For historic allocation purposes the
electronic age started in 1837 with the invention of the telegraphy
Morse in the USA. Through
his experience with eletrical sparks
the German physicist Heinrich Hertz noticed in 1887 the phenomenon
of producing alternate currents in high frequenies. He named
this phenomenon as electromagnetic waves later known as Hertzian waves.
|The carborundum radio
wave detector made
in England circa 1904
In the same time the French researcher E. Branley invented a device
known as coherer, made of a small glass tube filled with loose iron
filings. In this device, when the electromagnetic waves or signals
struck the metallic part they cohered - thus its name - and so occuring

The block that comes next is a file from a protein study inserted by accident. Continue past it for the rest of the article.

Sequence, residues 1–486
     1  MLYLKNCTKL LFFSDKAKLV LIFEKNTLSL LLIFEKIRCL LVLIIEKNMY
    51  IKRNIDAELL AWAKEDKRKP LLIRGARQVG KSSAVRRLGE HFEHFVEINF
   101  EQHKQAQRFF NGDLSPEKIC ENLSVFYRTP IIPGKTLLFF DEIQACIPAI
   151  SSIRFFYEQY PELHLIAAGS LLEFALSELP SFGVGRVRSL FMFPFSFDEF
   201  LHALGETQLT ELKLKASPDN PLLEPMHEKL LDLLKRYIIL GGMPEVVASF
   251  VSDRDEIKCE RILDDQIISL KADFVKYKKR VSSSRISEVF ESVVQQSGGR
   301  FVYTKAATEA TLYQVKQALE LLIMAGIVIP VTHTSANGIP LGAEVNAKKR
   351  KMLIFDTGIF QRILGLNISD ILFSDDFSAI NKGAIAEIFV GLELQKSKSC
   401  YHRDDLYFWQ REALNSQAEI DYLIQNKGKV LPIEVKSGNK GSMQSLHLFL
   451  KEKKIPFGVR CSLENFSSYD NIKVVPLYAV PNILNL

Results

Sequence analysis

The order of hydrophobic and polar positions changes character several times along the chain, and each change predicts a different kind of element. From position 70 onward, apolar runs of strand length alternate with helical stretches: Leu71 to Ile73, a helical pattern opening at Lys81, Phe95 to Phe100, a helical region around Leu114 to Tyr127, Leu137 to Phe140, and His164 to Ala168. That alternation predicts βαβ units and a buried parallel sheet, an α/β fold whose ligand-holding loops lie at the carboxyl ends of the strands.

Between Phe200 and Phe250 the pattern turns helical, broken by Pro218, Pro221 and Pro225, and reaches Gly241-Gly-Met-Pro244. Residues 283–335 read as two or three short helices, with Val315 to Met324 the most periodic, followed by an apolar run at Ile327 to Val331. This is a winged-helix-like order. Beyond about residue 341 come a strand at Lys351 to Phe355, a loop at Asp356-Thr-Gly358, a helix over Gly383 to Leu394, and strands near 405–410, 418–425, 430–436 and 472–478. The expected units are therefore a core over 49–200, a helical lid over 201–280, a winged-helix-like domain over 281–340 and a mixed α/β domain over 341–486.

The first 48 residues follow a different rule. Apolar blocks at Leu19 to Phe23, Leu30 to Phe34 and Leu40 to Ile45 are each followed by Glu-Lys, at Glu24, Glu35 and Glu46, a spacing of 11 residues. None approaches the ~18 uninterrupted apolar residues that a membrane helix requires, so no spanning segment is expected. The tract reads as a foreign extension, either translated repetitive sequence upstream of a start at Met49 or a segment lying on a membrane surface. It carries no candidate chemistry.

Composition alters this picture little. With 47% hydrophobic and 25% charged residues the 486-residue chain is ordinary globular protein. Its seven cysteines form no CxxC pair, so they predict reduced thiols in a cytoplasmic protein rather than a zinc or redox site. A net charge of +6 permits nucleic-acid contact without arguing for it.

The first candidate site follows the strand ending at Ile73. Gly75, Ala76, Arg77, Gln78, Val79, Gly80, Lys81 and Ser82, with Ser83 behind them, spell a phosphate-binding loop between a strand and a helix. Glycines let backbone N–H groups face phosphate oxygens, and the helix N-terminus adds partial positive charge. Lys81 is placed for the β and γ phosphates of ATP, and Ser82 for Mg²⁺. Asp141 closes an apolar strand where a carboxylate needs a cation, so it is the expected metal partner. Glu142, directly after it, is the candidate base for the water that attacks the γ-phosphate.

Guglielmo Marconi, an Italian scientist, in 1896 transmitted electromagnetic
waves at a distance of 3600 meters by using a spark transmitter similar
the one used by Hertz, but now provided with an aerial. In the receiver
he used a coherer as a wave detector.
In 1906, H.A. Dundwoody and G.W. Pickard working simultaneously to
get a more reliable electromagnetic wave detector discovered the property
that same crystals like the galena and the quartz; they could detect
Hertezian waves and thus developing the famous crystal radio receiver.